- Gender and Relationships
Effective Ways to Get to Know Your Neighbors
Get To Know Your Neighbors
This is the second part of a two-part article. In the first part: Easy Ways to Get to Know Your Neighbors, I shared ideas for getting to know your neighbors that can be done easily and without any preparation. In fact, most of you are probably already doing many of those things without even thinking about it. The suggestions in this hub take a little more effort, but we have found the blessings of new relationships far outweigh the time or costs.
Invite them over for something you are already doing with your family. This isn't necessarily a formal gathering. When we see a neighbor the week before Memorial Day, we invite him over for a holiday barbeque. Maybe he won’t be able to come, but just the invitation will deepen a friendship. One year we ended up home alone for Thanksgiving; we invited some neighbors over and had a great feast with them. We even learned how to brine a turkey! We have one set of neighbors that often asks us over for ice cream in the summer evenings. Now THAT is a great idea!
Gifts of Food
Do you have a vegetable garden? If not, skip this paragraph. During my year-of-the-abundant-zucchini, I made zucchini bread and took it to three widows on our block. This year I also have a lot of zucchini and am planning to make tiny loaves of bread for more neighbors. I even borrowed the tiny bread pans from a neighbor :) One of our neighbors brings us home grown tomatoes. I think homemade salsa would be a fun neighbor gift also.
Gifts of Service
One of our neighbors has a snow blower that is big enough to be used on the highway. Well, it’s maybe not quite that big, but it is big. He can snow blow his driveway in just a few minutes. I have frequently seen him snow blowing others’ driveways also. What a timely act of kindness.
Gifts for Social Occasions
It seems like every neighborhood has someone who knows all the gossip about everyone. Ours is a wonderful lady, who puts this information to good use. Several times she has knocked on our door with a card to sign for someone who is going through a hard time. She has also collected a few dollars from each of us to send flowers to a neighbor who just had surgery or to buy a small memory gift for a neighbor whose mom has just passed away.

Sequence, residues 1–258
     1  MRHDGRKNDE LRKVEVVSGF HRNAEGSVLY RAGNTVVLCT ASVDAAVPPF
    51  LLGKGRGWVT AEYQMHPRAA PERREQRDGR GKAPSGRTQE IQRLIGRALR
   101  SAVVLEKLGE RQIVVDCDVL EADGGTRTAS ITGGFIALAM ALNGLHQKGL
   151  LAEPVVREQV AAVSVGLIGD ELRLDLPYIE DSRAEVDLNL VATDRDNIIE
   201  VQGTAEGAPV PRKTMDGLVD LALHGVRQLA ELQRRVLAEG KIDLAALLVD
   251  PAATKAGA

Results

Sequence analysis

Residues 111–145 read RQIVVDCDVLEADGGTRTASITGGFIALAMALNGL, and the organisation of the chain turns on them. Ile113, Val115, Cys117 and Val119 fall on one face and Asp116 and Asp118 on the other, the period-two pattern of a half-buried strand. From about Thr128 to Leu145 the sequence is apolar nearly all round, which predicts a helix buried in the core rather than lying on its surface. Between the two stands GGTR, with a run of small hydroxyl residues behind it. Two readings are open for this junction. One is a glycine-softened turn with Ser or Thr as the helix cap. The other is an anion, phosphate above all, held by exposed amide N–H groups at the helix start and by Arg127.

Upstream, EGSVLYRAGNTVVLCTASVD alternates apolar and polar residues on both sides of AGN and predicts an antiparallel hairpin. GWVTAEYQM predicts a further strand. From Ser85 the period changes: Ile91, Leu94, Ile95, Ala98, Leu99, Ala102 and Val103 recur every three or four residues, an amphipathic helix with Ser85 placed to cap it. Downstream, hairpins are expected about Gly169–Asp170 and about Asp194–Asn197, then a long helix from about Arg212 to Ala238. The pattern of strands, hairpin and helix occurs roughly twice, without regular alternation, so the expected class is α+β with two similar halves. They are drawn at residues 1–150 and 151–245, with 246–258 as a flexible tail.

If your know-it-all neighbor isn't this thoughtful, I'm guessing that she (most of them are "she"s, right?) would still be willing to share the information with you. And you could organize the social gifts.
Host Neighborhood Get-Togethers
I saved the best idea for last. We hosted a neighborhood soup night the 5 Tuesdays in October this year. We started by passing out invitations to 28 homes for a come and go soup dinner. I borrowed two extra slow cookers from neighbors and made enough soup for a small army each Tuesday. The evenings weren’t fancy at all. But we got to know some really great people and had some good conversations. I can’t wait until our schedules get less busy so we can do it again!
Another plus was that I ended up with lots of left-over soup that I gave to a neighbor who worked late and a friend going through a hard time. And I froze several containers of it for my family to eat later.
A Note for Apartment Dwellers
If you live in an apartment, you are dealing with a different ballgame. My experience in apartments was not always great. And unfortunately my neighbors’ experiences were not always great either! My dishwasher has managed to flood my downstairs neighbors in two different apartment complexes. Being friends with apartment dwellers can be difficult because it is easy to know their bad habits and write them off as crazy or rude. But don't forget that your neighbors also know YOUR bad habits! My sister and brother-in-law are the social coordinators for their apartment complex. Most of these ideas came from them:
Take a box of popsicles out to the pool area or common area whenever you go. Offer them to the parents/kids who know you well already. The others will soon start to trust you and ask for some also!
Host movie nights and game nights, pancake breakfasts, cookie exchanges, and party evenings for different holidays. Or organize a fishing tournament at a nearby pond.
Invite neighbors to community activities. My sister and brother-in-law attend a fantastic church and they often invite neighbors to go with them to services, Bible studies, music programs or the annual Fall Festival. The possibilities are almost endless of community events you could invite a neighbor to attend.
I do hope you think it is important to know your neighbors. So many issues seem to be dividing us these days: politics, food restrictions, language barriers, religions…. But to quote Albus Dumbledore: We are only as strong as we are united, as weak as we are divided. (Harry Potter, book 4)